Welcome to the Refinance Versus HELOC Throw-down

Great question! Looks like you are looking to get some more money in your pocket, through a new loan. The answer is, you can do both! I’ll assume you own your home and have a mortgage. First, let’s define.

Refinance

This implies that you have already financed your home and you have some sort of mortgage. You will be getting a new mortgage and using the proceeds from that loan to pay off your previous loan. Whatever is left over is money in your pocket.

How does this work? Let’s say you have a home you purchased for $110,000 with $10,000 down and you have $50,000 left to pay off the loan. Your interest rate is 5.5% and you got a 30-year amortization. Your monthly payment is $567.79.

You could refinance that 50k you have left at 3% over 30 years. Doing this, you’ll pay a paltry $210.80 per month.

Or you could take out money. Let’s say your home has now appreciated to $150,000. Your bank will finance up to 80%LTV, so you could get a loan for $120,000 (80% of 150k). Financing this at 3% over 30 years gives you a monthly payment of $505.92, a $50 savings over your previous loan. But wait! There’s more: you just got a check for $70,000!

If you are a homeowner looking to decrease payments, refinancing can be fantastic. Seriously, if you haven’t done this in the last 2 years, at least ask your banker about it.

Upsides

  • Can significantly lower your monthly bills
  • Easy to get right now
  • Tax-free
  • You can do this even with little equity in your house

Downsides

  • Closing costs are usually high, like 1% of the loan
  • You need to get another appraisal, which costs $500 to $1,000
  • Benefits are dependent on how bad was your previous mortgage, meaning you won’t save much if you already had a great mortgage
  • The bank will have a maximum LTV; if you don’t have enough equity, you can’t do it
  • Extends the time you will be paying down your mortgage
  • A big lump sum of money beckons you to make stupid purchases. Make Dr. Equity happy and avoid this

HELOC

This stands for Home Equity Line of Credit. The bank gives you a second loan secured by the equity you have in your home. This mortgage is subordinate to your primary home mortgage (should you have one) and is more risky for the bank. The government doesn’t guarantee these loans either, which increases risk.

You need to have equity in your house for this to work. Let’s say you have the same home and mortgage above. You owe $50,000 and it’s worth $150,000. You have $100,000 in equity. Assuming the appraisal agrees with 150k home value, and your bank will loan you up to 80%LTV, then you can have up to $120,000 in loans out. But, you already owe $50,000 so your maximum line of credit will be 120k – 50k, or $70,000.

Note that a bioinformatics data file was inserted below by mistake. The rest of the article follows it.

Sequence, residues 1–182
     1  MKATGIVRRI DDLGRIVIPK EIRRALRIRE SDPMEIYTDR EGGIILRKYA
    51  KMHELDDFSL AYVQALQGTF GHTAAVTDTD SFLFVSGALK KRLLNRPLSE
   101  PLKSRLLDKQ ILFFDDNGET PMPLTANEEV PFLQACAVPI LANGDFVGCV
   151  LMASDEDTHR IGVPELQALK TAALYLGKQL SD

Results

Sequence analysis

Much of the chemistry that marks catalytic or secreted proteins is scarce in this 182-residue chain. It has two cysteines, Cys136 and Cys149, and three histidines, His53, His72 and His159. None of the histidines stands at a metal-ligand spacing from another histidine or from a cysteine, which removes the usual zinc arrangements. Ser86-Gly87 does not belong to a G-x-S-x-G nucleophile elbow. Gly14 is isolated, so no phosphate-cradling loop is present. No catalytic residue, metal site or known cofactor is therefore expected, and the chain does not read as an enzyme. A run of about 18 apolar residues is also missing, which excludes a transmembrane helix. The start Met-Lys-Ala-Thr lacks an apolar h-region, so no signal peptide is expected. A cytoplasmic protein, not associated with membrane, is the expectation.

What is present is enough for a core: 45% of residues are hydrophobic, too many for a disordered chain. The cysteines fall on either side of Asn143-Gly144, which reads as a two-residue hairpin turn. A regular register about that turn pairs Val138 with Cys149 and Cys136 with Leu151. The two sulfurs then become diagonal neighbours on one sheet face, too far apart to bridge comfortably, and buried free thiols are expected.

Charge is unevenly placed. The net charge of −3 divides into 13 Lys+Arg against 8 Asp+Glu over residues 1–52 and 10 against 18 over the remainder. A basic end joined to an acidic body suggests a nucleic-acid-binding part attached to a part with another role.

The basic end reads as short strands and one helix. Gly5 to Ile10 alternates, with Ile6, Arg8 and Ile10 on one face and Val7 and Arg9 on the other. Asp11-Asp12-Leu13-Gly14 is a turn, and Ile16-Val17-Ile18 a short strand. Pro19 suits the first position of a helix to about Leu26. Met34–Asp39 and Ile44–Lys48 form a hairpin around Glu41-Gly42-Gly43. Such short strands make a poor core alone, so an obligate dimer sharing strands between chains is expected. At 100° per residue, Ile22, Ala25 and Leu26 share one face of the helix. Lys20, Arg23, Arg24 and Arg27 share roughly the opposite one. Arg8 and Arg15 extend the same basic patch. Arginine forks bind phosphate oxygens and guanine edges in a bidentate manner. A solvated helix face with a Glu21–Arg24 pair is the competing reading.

You’ll continue to have your primary mortgage for $567.79 (unless your refinance that, which you really should). You’ll now add a new variable-rate loan at let’s say 5% (it’s lower than your mortgage because you got the mortgage way back when interest rates were much higher).

Now, you have what amounts to a cool 70k sitting in the bank, while not paying any interest or taxes, but ready to mobilize at a moment’s notice when that great deal comes up. It’s like a loan that you don’t take out but also like money in the bank, ready for quick use.

Remember, any money you take out on this HELOC will need to be paid back at the current interest rate. Your payments will be interest-only, meaning you just pay interest and the principal stays the same unless you pay it down. This new payment will be in addition to your mortgage payment.

If you are looking to do some home repairs or if you are planning to invest in real estate but don’t have the deal found yet, the HELOC is the one for you.

Upsides

  • You can take out the money instantly whenever you need it
  • You can take out as much as you want (up to the maximum) and at multiple draws
  • It’s easy to pay back when and how you want
  • Tax-free
  • No or low cost to obtain the loan
  • The loan is interest-only, so monthly payments are much lower than a traditional mortgage

Downsides

  • You have to have more equity in the house than the bank’s maximum LTV
  • The interest rates are higher
  • You are taking out another loan you will have to pay back
  • There is usually an annual cost of a couple hundred dollars to keep the HELOC active
  • Every few years, you will need an appraisal
  • You’ll be paying more monthly
  • You have to be diligent in paying down the principal
  • Let me repeat myself: don’t spend that 70k on stupid things
Dr. Equity

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